Unclaimed premium bond prizes reach £44 million
Over £44 million worth of premium bond prizes are sitting unclaimed, according to National Savings & Investments (NS&I).
The government-backed bank has now launched a nationwide search to track down the winners of 898,000 unclaimed prizes, some dating back decades.
Premium Bond winnings often go unclaimed if bond-holders move address and fail to keep NS&I informed of their whereabouts. Some people simply lose track of their bond numbers – especially if they were bought bonds as a child.
The organisation said that one woman from London is still due to receive £100,000 after failing to claim her prize in a previous draw. She has just £25 invested in Premium Bonds and the prize was won in February 2007.
But because there is no time limit for claiming prizes, each unclaimed prize is held by NS&I until the winner can be tracked down. The oldest unclaimed prize dates back to November 1957, when a male in South Yorkshire won £25. He is still to claim it.
Jill Waters, NS&I's Operations Manager, said: "It is likely that the winner of the £100,000 prize is unaware or she has forgotten that she has Premium Bonds. Prizes often become unclaimed as a result of people moving house, or forgetting that Bonds have been bought for them as a child, or executors are unaware the Bonds are held when someone dies.
"By opting to manage your Premium Bonds online you could reduce the risk of missing out on prizes as they can be paid directly into your bank account."
Over a third of the UK population have invested over £45 billion in Premium Bonds. While they do not pay interest, the tax-free annual prize fund interest rate works out at about 1.5%.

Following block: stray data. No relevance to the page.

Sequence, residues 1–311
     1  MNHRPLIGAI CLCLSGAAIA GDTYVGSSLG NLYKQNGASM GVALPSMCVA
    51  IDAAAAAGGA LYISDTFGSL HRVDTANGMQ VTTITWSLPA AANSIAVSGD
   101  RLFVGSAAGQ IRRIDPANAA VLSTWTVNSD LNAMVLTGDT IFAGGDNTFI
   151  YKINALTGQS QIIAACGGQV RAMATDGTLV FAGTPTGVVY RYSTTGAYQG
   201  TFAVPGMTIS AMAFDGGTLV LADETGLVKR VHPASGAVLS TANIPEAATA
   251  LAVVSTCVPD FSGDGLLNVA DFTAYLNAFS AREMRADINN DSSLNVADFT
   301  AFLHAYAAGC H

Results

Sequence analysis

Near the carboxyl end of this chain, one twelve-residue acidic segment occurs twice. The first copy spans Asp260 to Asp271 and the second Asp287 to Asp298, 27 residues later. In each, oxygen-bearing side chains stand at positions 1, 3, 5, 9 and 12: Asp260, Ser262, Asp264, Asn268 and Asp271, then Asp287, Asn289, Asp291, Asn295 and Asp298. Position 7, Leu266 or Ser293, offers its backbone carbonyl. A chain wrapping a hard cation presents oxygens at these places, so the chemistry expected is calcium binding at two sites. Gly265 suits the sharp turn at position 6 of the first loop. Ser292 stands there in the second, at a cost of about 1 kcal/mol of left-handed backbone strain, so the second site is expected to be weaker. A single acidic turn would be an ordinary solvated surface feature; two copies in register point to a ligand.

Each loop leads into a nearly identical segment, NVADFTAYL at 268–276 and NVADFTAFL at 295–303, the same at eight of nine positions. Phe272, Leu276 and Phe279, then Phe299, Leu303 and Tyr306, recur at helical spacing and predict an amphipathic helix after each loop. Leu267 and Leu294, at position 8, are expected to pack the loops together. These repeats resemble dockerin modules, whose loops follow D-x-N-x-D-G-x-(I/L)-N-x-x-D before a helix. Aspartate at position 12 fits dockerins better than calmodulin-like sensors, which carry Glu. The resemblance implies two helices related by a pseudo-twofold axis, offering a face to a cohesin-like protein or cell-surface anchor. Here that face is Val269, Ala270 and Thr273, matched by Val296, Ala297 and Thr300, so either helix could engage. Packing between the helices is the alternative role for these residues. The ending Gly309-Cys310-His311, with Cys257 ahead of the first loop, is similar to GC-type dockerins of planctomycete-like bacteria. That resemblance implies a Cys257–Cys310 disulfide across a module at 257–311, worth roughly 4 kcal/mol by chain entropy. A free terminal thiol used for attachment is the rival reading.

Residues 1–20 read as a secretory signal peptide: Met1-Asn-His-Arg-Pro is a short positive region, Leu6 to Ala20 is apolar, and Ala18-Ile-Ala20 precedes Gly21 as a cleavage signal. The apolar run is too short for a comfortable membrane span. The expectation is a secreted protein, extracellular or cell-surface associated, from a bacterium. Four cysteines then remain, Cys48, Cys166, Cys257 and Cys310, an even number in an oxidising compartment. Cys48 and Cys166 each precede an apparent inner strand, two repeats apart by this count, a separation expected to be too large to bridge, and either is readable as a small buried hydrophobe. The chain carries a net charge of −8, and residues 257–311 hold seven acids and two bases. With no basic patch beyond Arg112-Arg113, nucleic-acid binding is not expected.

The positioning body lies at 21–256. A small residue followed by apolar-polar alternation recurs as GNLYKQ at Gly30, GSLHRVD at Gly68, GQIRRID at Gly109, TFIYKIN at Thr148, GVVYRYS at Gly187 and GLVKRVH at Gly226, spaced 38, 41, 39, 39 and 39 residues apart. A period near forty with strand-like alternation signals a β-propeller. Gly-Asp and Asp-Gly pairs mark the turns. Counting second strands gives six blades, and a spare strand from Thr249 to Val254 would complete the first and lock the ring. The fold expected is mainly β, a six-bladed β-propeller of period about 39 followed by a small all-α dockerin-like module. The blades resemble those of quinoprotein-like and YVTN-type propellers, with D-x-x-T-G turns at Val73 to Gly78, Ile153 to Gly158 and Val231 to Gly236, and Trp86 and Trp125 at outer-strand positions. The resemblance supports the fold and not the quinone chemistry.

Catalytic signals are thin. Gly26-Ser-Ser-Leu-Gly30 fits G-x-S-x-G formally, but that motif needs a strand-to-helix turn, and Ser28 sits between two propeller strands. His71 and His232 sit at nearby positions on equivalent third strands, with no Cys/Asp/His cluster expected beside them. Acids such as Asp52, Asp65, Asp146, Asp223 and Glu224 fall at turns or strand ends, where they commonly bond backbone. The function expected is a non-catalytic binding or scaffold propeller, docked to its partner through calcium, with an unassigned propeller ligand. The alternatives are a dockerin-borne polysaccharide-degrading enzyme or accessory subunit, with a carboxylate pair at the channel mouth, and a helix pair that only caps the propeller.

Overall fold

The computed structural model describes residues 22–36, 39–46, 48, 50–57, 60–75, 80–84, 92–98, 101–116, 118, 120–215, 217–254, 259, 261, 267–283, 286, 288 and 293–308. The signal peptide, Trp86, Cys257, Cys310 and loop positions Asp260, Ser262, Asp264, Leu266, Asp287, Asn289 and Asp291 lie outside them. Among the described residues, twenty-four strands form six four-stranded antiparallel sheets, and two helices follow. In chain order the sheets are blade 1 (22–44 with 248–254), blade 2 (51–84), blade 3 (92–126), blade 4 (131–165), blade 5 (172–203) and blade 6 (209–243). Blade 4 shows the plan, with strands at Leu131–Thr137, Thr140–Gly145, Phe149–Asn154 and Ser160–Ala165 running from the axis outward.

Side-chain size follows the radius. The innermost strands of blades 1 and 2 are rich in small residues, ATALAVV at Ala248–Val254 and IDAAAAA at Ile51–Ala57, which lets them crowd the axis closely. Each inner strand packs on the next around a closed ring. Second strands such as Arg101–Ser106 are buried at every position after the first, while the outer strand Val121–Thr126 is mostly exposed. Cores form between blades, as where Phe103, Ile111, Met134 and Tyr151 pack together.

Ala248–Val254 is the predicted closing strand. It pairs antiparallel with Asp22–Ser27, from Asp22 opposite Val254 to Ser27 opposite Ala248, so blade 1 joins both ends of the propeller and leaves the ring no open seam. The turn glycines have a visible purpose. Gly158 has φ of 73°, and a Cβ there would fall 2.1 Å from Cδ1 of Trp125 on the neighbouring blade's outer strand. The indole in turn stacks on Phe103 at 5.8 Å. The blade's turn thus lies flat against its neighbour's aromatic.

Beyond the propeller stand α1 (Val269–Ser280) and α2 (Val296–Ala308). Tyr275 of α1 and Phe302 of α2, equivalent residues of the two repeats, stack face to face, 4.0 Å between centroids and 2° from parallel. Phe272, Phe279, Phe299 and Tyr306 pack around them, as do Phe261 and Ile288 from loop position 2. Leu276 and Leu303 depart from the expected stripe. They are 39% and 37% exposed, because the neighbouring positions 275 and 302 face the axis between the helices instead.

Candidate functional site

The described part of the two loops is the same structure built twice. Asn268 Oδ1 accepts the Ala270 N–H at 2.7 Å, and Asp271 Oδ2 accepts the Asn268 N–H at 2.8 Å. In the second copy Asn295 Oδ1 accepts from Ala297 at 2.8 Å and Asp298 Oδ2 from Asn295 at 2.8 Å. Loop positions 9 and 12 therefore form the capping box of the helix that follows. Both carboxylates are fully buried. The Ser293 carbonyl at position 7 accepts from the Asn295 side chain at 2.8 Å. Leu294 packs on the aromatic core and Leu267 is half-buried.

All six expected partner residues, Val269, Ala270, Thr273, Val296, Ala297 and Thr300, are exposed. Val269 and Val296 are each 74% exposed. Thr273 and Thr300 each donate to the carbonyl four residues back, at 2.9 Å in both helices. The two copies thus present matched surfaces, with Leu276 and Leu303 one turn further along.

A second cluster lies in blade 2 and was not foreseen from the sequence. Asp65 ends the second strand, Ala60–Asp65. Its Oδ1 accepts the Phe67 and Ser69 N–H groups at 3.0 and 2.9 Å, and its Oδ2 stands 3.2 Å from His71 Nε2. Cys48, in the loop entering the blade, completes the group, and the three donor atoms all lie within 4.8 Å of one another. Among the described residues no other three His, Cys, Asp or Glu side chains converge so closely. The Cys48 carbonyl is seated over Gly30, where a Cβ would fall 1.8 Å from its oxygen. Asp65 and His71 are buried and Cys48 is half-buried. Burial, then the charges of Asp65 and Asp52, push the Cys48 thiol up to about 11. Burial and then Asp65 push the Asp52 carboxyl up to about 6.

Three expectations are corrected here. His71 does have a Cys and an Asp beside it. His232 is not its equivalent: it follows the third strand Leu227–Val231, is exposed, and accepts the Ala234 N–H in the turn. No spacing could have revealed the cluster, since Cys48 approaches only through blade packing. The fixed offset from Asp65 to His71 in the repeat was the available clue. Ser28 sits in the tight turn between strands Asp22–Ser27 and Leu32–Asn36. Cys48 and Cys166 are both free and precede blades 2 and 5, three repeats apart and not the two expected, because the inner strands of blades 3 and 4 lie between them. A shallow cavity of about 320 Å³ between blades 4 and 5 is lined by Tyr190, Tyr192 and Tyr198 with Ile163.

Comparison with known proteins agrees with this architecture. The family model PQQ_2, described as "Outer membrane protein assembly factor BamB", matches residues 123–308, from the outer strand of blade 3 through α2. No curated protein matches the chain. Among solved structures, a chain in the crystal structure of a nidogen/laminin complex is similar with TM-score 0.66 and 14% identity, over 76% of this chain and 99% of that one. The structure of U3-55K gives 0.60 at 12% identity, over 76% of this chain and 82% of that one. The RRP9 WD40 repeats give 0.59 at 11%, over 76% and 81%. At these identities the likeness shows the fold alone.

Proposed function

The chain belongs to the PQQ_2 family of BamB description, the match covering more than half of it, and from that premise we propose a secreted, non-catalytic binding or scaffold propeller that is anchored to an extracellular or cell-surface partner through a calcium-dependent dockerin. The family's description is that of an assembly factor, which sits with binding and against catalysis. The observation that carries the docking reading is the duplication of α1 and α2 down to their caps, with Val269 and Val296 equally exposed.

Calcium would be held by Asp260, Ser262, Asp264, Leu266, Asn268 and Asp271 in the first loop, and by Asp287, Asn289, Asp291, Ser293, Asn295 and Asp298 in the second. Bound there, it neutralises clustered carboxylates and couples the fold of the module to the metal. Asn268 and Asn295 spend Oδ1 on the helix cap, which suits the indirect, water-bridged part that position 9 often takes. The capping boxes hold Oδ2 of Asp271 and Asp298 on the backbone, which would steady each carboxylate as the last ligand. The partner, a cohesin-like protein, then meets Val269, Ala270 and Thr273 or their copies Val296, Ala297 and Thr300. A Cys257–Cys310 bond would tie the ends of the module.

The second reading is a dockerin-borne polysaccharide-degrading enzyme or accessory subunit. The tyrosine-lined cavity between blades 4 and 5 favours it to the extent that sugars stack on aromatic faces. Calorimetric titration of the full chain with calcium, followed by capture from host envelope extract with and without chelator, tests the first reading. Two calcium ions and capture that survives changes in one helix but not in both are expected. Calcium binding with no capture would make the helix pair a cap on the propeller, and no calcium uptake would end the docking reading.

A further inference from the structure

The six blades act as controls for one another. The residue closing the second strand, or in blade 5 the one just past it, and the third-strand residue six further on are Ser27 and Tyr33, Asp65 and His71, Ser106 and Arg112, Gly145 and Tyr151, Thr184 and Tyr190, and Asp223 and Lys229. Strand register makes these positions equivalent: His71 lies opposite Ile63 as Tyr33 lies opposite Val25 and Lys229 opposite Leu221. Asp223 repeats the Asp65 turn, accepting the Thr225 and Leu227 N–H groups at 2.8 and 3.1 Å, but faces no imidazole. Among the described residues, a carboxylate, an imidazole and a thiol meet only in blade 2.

How to check if you have won a prize
- Visit nsandi.com and click on the Premium Bonds prize checker on the home page.
- Enter your Premium Bond holder's number into the search facility.
- Alternatively, write to NS&I, quoting your name and address, any former names and addresses, date of birth and, if known, your Premium Bond holder's number.
- Consider opting to manage your Premium Bonds online – you can reduce the risk of missing out on prizes as they can be paid directly into your bank account.
A form of National Savings Certificate, premium bonds are effectively gilt-edged securities: you loan your money to the government and, in return, it pays you for the privilege with a guarantee it will return your capital at a specified date. Where premium bonds differ is that the interest payments (currently 1.5%) are pooled and paid out as prize money and you can get your cash back within a fortnight, with no risk. Launched by Chancellor of the Exchequer Harold Macmillan in his 1956 Budget, every single £1 unit has the same chance of winning and in May 2011, 1,772,482 winners (from a total draw of 42,539,589,993 eligible bond numbers) shared £53,174,500. The odds of winning are 24,000 to 1 and the maximum holding is £30,000 per person but it remains the only punt in which you can perpetually recycle your stake money.